Clark's Trading Post
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Clark's Trading Post

Coordinates: 44°2?54?N 71°41?8?W / 44.04833°N 71.68556°W / 44.04833; -71.68556

Avery's Garage at Clark's Trading Post

Clark's Trading Post is a visitor attraction in Lincoln, New Hampshire, United States, in the White Mountains. It is known for its trained bears[1] and for the White Mountain Central Railroad, a 30-minute, 2.5-mile (4.0 km) steam-powered train ride.

Clark's Trading Post includes several museums:

  • Americana Museum - collections of American historic items including steam and gas engines, early household appliances, advertising and products
  • 1884 Pemigewasset Hook and Ladder Fire Station -horse-drawn fire engines, wagons and firefighting equipment
  • Clark History Museum - History of Clark's Trading Post and the Clark family
  • Florence Murray Museum - includes antique games, guns, swords, souvenir china, typewriters, railroad memorabilia
  • Avery's Garage - a replica gas station with early motoring memorabilia, vintage motorcycles and antique automobiles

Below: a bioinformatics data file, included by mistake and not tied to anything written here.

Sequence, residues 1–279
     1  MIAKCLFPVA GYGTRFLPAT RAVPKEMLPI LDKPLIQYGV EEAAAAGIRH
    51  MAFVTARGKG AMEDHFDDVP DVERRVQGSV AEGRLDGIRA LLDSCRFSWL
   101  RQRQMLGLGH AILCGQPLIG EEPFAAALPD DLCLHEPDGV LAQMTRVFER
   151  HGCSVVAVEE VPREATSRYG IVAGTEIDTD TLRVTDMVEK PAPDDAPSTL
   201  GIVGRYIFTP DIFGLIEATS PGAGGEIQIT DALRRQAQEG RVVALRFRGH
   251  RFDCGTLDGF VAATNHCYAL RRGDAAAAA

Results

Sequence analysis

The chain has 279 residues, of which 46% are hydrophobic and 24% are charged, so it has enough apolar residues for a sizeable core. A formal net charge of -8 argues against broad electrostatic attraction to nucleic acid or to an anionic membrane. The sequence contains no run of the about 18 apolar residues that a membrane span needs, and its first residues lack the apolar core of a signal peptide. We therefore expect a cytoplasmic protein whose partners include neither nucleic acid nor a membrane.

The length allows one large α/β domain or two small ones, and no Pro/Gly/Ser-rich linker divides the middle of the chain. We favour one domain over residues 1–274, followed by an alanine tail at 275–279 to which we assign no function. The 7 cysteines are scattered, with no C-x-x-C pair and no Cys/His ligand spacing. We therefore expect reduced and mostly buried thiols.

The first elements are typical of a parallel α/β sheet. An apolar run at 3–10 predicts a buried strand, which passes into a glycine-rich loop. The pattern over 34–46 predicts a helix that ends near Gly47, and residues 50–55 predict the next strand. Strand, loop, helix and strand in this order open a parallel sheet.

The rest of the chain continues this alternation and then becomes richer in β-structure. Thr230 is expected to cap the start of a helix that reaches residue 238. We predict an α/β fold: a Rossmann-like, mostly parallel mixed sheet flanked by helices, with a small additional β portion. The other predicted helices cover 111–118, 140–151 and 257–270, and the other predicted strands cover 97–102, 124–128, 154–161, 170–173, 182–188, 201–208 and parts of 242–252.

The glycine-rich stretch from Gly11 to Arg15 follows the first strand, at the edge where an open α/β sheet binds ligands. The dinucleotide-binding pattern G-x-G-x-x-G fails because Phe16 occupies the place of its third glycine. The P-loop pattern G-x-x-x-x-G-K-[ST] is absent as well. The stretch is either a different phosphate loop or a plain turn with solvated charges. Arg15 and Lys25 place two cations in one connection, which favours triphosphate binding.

The attraction is located along U.S. Route 3, 1 mile (1.6 km) north of the village of North Woodstock and 9 miles (14 km) south of Franconia Notch.


The property opened as a roadside stand in 1928 known as "Ed Clark's Eskimo Sled Dog Ranch", selling souvenirs and allowing visitors to view Florence and Ed Clark's Labrador sled dogs.[1] The Clarks purchased their first black bear in 1931, and Florence and Ed's sons Edward and Murray began training the bears in 1949.[2]

In the 1950s, the Clark brothers began salvaging old steam locomotives and displaying them at the Trading Post. The current train ride is powered during most of the season by a Climax steam locomotive and mid-weeks during fall foliage season by a 1943 GE diesel locomotive. The train's route includes a 1904 Howe-truss covered bridge that was dismantled from East Montpelier, Vermont, and reassembled across the Pemigewasset River at the Trading Post.[3]

See also


  1. ^ a b Andrew Burmon (Oct 12, 2012). "Clark's Trading Post's Black Bears Help Keep a Roadside Tradition Alive". The Huffington Post. Retrieved 2013. 
  2. ^ "Clark's Trading Post [history]". Clark's Trading Post. Retrieved 2013. 
  3. ^ "Take a steam-powered journey through history, but beware of The Wolfman!". Clark's Trading Post. Retrieved 2013. 

External links

  This article uses material from the Wikipedia page available here. It is released under the Creative Commons Attribution-Share-Alike License 3.0.



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